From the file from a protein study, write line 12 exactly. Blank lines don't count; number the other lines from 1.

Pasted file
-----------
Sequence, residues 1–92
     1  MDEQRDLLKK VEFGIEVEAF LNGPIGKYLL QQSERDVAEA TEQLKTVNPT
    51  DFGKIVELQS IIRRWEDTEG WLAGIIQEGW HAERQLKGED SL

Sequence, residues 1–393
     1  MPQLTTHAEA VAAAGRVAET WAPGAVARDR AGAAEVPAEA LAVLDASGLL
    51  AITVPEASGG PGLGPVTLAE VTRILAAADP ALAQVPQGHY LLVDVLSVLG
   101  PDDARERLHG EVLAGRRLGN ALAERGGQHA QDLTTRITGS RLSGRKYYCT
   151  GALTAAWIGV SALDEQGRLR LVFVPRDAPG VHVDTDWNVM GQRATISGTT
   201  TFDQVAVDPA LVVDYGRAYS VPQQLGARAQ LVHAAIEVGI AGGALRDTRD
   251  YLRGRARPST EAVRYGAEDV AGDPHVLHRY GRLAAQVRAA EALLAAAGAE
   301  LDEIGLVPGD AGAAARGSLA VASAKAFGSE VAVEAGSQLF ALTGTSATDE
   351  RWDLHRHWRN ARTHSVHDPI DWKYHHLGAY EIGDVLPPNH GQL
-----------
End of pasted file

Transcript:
   351  RWDLHRHWRN ARTHSVHDPI DWKYHHLGAY EIGDVLPPNH GQL